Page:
With a schedule that takes him around the world, recent highlights include performances at the BBC Proms, Royal Albert Hall, the Barbican Centre, Wigmore Hall, Bridgewater Hall, Sydney Opera House, Muziekgebouw Amsterdam, La Seine
Musicale and Cité de la Musique in Paris, Elbphilharmonie Hamburg, Konzerthaus in Vienna, Bozar in Brussels, Tokyo Opera City, NCPA Beijing, Mariinsky Theatre Concert Hall, Victoria Concert Hall in Singapore, Palacio de Bellas Artes in Mexico City, Utrecht
Early Music Festival and residencies at the St Andrew’s Voices Festival and St Magnus Festival.
Barnaby’s collaborations include Rachel Podger, Roderick Williams, Christina Pluhar, Masaki Suzuki, Jacob Collier, Jonathan Dove, Christopher Tin; conducting includes the Academy of Ancient Music, Australian National Academy of
Music, English Chamber Orchestra, London Philharmonic Orchestra, Monte Carlo Symphony, Philharmonia,
Tokyo Philharmonic Orchestra and he directed the music for the Olympic Mascots Film Scores at Abbey Road Studios with the British Film Orchestra. Recent digital collaborations include The Sixteen, the English Chamber Orchestra, Gabrieli Consort & Players,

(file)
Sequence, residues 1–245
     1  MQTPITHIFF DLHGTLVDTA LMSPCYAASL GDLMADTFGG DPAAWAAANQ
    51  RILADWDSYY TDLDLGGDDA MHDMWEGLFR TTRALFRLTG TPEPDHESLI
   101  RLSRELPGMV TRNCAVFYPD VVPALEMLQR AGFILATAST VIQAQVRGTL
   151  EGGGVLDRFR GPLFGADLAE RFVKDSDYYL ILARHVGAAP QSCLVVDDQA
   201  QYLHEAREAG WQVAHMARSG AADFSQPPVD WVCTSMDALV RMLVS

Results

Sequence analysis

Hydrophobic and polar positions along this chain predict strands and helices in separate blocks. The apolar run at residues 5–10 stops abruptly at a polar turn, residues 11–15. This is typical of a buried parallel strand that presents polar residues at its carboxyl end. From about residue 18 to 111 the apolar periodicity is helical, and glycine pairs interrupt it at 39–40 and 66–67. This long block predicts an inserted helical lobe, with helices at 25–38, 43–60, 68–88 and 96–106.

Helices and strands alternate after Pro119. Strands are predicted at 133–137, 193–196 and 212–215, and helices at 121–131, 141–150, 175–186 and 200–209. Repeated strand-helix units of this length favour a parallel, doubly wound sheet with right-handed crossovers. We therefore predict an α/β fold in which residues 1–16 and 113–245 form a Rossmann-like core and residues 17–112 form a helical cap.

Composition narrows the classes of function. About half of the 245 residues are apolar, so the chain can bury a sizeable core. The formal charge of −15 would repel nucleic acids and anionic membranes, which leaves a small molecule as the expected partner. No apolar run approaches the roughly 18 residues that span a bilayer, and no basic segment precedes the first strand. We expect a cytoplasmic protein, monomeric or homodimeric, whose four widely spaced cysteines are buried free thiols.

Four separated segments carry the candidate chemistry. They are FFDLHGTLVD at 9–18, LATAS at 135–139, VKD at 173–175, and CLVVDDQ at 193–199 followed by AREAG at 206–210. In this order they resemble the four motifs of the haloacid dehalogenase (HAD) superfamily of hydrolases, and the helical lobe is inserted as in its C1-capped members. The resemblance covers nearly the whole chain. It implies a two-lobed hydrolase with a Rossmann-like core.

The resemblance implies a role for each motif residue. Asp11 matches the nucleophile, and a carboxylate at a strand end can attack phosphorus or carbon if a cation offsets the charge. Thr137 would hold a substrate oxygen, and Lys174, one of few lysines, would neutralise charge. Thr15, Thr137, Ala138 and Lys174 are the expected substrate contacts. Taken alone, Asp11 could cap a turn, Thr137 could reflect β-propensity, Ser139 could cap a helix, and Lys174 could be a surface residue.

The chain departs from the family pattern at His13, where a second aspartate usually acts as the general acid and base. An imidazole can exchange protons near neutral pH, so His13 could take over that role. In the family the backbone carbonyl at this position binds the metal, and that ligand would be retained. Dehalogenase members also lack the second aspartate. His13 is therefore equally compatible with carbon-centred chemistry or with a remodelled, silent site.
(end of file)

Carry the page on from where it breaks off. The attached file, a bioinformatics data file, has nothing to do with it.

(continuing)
The Tallis Scholars, the Academy of Ancient Music and Chanticleer. Barnaby is also Artistic Director of the Milton Abbey International Music Festival, and co-curates and teaches on the MMus programme in Choral Studies at Cambridge University.
On disc Barnaby has released commercially on Decca Classics, Universal, Sony, Warner, Naxos, Signum Classics and VOCES8 Records. His most recent recording, After Silence, was given Gramophone
Editor’s Disc Choice. He has four no.1 selling albums on the Decca Classics and VOCES8 Records labels, was delighted to receive the award for Album of the Year 2015 from Classic FM, was voted Choral Disc Choice Award by BBC Music Magazine in June 2014 and has
won 9 Contemporary A Cappella Recording Awards. Barnaby Smith is managed worldwide by Libby Percival of Percius. www.percius.co.uk